And the police banned it in that particular town. They thought
the instrument was the cause of the child dying.
ALAN ALDA Why would they do that? That's an odd thing. If someone
died at a concert you wouldn't blame the piano, nowadays,
or the saxophone. Why would they have blamed the glass harmonica,
do you think?
FINKENBEINER Because there were rumors already known that
it had supernatural powers, and when you played it a midnight,
the ghosts will come out. It's clearly stated in one of the
ALAN ALDA Wow!
FINKENBEINER It's very thin, it does not cut.
ALAN ALDA It's glass... It's like cellophane.
ALAN ALDA Well, as you can imagine, I'm going to be playing this
thing. But they won't let me play it until my hands are completely
clean, so clean that they squeak. I don't know if I get a
squeak yet. All the oil has to be off the fingers, otherwise
you don't get a good sound. I think I hear it squeaking. It's
probably the only instrument in the world, in the history
of musical instruments, where you pour water in a... oh, excuse
ALAN ALDA (Narration) Thomas Bloch has come from his native France,
bringing his own special water with him, to give me a demonstration
of the instrument, and my first lesson in playing it. The
water comes from a particular cave in southern France, and
is rich in talc, to improve the contact between Thomas' fingers
and the glass.
BLOCH Touch on the top of the glass, the glass you want to
play, this one, this one...
ALAN ALDA I'm not getting a sound at all.
BLOCH It doesn't sound?
ALAN ALDA You hear something?
ALAN ALDA (Narration) Thomas' special water doesn't seem to be
working for me.
BLOCH Ah, it comes, it comes.
ALAN ALDA That's pathetic!
BLOCH It begins to cry... Don't push...
ALAN ALDA This is worse than when I tried to learn the trumpet.
Don't push too hard?
ALAN ALDA (Narration) Then suddenly, with just the right pressure...
BLOCH So now you can play with five fingers if you want.
ALAN ALDA A minute ago, I couldn't play at all!
BLOCH Tres bien, tres bien.
ALAN ALDA Ah, merci!
ALAN ALDA (Narration) Thomas Bloch is one of the world's leading
glass harmonica players. Thanks to him and Gerhard Finkenbeiner,
for a few moments we were listening again to the sound Ben
Franklin himself had invented. For the record, nobody died,
and we saw no ghosts.
ALAN ALDA (Narration) In movies these days, the most spectacular
special effects owe more to the computer than they do to the
camera. But the movie Titanic takes computer-generated effects
into new territory. Because not only are many of the objects
you see on the screen digital rather than real, so too are
many of the people. Faced with the problem of populating a
ship that doesn't exist, the movie-makers turned to people
who don't exist. Everyone on deck here, for instance, is a
digital extra. Take this man, striding purposefully past a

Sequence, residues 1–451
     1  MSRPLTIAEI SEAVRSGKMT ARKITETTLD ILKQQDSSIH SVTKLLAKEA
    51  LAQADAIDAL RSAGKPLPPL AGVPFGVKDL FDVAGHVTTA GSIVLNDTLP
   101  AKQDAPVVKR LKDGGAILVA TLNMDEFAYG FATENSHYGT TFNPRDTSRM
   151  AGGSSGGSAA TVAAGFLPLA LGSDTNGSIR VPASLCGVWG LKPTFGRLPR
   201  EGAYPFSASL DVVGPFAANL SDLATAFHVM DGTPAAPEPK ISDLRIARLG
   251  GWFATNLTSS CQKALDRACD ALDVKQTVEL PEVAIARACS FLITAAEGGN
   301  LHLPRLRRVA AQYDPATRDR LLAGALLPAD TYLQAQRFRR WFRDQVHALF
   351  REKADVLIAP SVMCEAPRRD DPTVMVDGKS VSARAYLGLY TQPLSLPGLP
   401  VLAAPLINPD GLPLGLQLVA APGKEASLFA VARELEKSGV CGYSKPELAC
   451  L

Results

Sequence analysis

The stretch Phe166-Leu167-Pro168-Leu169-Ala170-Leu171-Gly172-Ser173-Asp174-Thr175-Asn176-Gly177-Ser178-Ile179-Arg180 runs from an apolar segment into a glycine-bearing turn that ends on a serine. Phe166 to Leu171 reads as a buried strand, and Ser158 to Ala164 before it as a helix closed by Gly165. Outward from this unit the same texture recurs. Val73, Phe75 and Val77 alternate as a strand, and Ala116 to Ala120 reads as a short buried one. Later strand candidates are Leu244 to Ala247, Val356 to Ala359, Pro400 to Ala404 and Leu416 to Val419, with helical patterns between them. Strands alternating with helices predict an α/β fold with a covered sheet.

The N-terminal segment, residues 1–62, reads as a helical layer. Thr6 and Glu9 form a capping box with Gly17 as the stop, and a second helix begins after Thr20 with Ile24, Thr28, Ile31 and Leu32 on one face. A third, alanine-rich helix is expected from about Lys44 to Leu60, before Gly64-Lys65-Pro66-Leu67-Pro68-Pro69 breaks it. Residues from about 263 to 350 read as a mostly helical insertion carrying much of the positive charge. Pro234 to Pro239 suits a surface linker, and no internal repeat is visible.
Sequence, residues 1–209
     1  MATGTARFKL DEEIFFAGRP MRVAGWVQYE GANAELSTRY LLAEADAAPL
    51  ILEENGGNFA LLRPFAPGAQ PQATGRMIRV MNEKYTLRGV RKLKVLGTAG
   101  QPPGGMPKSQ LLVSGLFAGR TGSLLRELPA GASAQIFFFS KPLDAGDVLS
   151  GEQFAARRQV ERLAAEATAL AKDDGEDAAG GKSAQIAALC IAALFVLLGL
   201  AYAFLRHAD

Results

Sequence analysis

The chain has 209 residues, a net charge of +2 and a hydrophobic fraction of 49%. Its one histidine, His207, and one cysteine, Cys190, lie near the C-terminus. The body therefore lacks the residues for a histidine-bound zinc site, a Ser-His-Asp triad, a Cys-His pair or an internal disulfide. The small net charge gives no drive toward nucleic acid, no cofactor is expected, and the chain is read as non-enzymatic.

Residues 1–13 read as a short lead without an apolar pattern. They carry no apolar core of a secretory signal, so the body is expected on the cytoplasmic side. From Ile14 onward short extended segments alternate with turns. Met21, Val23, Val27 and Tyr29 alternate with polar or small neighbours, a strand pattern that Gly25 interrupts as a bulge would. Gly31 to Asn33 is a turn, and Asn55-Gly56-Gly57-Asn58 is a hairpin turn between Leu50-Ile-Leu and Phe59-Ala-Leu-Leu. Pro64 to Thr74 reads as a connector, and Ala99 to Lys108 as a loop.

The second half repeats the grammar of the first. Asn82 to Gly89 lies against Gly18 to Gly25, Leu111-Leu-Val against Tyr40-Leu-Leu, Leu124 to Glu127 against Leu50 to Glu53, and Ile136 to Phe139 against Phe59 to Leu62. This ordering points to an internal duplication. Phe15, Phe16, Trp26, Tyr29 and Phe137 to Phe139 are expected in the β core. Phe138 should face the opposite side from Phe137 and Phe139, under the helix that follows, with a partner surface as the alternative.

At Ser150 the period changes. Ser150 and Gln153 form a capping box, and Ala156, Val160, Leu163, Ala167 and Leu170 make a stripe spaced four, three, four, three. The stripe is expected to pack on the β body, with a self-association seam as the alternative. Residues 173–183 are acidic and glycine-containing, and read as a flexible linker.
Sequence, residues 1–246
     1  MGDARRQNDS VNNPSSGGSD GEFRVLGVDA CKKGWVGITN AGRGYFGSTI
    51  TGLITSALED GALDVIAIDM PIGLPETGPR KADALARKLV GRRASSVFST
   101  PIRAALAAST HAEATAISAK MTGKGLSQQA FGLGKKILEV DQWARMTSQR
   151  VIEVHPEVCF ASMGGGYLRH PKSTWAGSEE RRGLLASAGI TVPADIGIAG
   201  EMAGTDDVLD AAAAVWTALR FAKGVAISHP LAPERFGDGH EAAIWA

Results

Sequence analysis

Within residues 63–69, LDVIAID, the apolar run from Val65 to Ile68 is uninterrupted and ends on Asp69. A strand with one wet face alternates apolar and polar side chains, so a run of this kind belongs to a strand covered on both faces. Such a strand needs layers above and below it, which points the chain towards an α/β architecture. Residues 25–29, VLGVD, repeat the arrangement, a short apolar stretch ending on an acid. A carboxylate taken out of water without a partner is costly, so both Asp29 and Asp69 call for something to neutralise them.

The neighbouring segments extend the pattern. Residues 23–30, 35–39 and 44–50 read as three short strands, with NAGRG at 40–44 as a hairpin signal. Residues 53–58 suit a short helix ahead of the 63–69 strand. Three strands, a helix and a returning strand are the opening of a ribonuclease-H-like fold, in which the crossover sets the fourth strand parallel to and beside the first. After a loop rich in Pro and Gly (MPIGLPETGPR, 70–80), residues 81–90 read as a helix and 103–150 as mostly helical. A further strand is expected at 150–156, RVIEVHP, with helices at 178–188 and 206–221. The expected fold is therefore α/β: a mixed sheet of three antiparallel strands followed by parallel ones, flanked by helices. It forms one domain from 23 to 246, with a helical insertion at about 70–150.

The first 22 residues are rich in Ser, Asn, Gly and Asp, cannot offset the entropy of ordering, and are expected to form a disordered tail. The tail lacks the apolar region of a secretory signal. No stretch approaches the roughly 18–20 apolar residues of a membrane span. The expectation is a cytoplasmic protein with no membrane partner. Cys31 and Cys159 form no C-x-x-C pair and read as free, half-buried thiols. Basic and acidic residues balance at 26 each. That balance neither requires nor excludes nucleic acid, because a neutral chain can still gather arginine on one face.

woman and child. His digital life began with a real life actor
in the studios of Digital Domain, the Hollywood company that
did most of Titanic's special effects. The white balls on
his body are picked up by infra-red cameras. Once his movements
have been captured in 3-D like this, the flesh-and-blood actor's
job is done.
LEGATO Motion capture allows you to actually create or animate
somebody in a very naturalistic way. And then once they are
in the computer you can take them and place them on any part
of the miniature ship that you wish.
BUSTANOBY We've populated the deck of the Titanic with these
people, and we've done it in such a way that no-one will notice
that they're fake.
ALAN ALDA (Narration) The white dots are converted into fake people
by first turning them into three dimensional stick figures,
which can then be looked at from any angle you choose. The
stick figures then have virtual bodies draped over them...
and these in turn are given faces and clothes. The result
-- that man we saw strolling on the deck. This is the mother
and daughter he passed. And here are a couple of other virtual
actors struggling with a virtual wind. That fly-over of the
Titanic was put together from a camera move over a model ship...with
a digital ocean and digital ship's wake...scores of digital
people...the odd digital seagull...and a little digital smoke.
Impressive as they are, Titanic's digital characters stay
strictly in the background. But they got us to thinking: what
would it take to create a digital character believable enough
for a speaking part?
NOOT Alan, this is Erin.
ALAN ALDA Erin, hi.
KILLACKEY Hi, nice to meet you.
ALAN ALDA (Narration) Luckily, we have an actor on hand who's reckless
enough to let himself to be digitally cloned.
ALAN ALDA How does this work...
ALAN ALDA (Narration) We're at Viewpoint DataLabs in Venice, California,
NOOT is about to make me digital.
NOOT ...and then a laser beam comes across your face. And
you probably won't even see the laser. It's very, very slight.
ALAN ALDA So the laser beam is bouncing off here, then here, then
here, then it goes further in here and then it comes further
out here, and it knows where it is, how far in or out it is?
It comes here and goes back and measures the distance?
NOOT Yeah, and sometimes it gets lost, it hits your hair and
it gets lost in some of those areas. But the first facial
expression we want is we want your eyes open and we want a
big smile, a pretty extreme smile.
ALAN ALDA I can't do that. I can't, I can't. I'm well known for
smiling with my eyes closed. This is my whole life. This is
what made me famous. People say, let's go see that guy who
can't smile with his eyes open. In fact, what I'm counting
on for you is to give me a picture of myself with my eyes
open and smiling and then I'll get much more work! Erin Killakey
We need to turn the lights off to do the scan.
NOOT Chin up a little bit.
ALAN ALDA (Narration) Our plan is to see if it's possible with
today's technology to make a digital facsimile of my head
that can talk -- doing and saying things that the real me
has never done or said. Our code name for the project is ALAN
2.0. The job of the people at Viewpoint is to begin the process